By Sarath de Alwis –
The origin of sincerity is courage. Listening to the voice of one’s conscience takes courage. Men with moral courage are not hesitant to teach others what they have learnt. Mangala Samaraweera will be remembered for his moral courage.
It takes lot of courage to be an authentic person in public life. Only a person hungry for truth will discover truth. It is only from such authentic men that people will learn the truth. Whether the people will want to learn the truth is another matter.
Mangala lived a life of dignity. His dignity compelled him to speak out. As some sage said dignity is never silent. Truth and courage are foundational to dignity. A person with dignity will always do what others fear to do, the dignified human speaks out.
Mangala Samaraweera was the quintessential romantic. The romantic conceives the idea of a perfect world and spends the rest of his life adjusting his imperfections to fit in to that dream of a perfect world. It is no easy journey.
Romanticism fails to read the limitations of the perfect world and the complexities of the real world.
Mangala Samaraweera never abandoned the hope that the real world could somehow be persuaded to the path of a more perfect world. Such men are remembered in history. A very decent human being has taken the ferry to the great beyond.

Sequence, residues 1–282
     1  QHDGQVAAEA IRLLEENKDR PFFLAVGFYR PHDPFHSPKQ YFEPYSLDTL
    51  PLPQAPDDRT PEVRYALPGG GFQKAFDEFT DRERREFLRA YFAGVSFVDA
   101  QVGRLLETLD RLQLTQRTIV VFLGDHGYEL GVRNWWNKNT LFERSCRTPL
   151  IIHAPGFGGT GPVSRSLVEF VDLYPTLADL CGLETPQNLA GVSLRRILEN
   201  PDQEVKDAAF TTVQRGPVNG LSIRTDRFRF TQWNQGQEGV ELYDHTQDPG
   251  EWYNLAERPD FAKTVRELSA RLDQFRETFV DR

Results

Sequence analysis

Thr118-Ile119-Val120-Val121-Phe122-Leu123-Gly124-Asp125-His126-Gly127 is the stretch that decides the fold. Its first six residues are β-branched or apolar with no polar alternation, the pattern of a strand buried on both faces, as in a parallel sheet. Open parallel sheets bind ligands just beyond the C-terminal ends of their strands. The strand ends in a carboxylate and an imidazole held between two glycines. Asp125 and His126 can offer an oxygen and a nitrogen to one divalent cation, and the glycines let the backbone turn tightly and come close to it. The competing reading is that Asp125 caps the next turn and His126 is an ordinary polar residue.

All of us, as we march through life quietly but surely grow into some personality. The long march through life equips us to frame our thoughts, develop our feelings, values and what we perceive as solutions to problems that we confront.
Mangala Samaraweera was such a man who saw what was wrong with our nation. We are nation adrift. We are a people who have lost our moral compass.
I did not agree with his economics. But I salute his deep humanism. He will be missed by all decent people who yearn for a land where civic trust is embedded, and public reason is respected.
He never gave up. Only a few weeks ago he set up his new instrument to contribute to the public discourse. He called it the Radical Center. In her novel ‘To kill a mocking bird “Harper Lee use a curious definition of moral courage that adequately describes Mangala Samaraweera’s moral courage.
“Real courage is when you know you’re licked before you begin, but you begin anyway and see it through no matter what.”
Mangala Samaraweera did not observe moral neutrality. He knew that to remain silent was to cohabit with the oppressor.
His integrity was reflected in his capacity to recognize the unvarnished truth. His honestly was in his ready capacity to tell the unvarnished truth to other people.
In 1784, the German philosopher Immanuel Kant wrote an essay where he answered the question what enlightenment is.
‘Enlightenment is man’s release form his self-incurred immaturity and his inability to make use of his understanding without direction from another. Immaturity is self-imposed when its cause lies not in lack of reason but in lack of resolution and courage. Kant implored ‘Have courage to use your own reason.”
Mangala Samaraweera had the courage to use his own reason.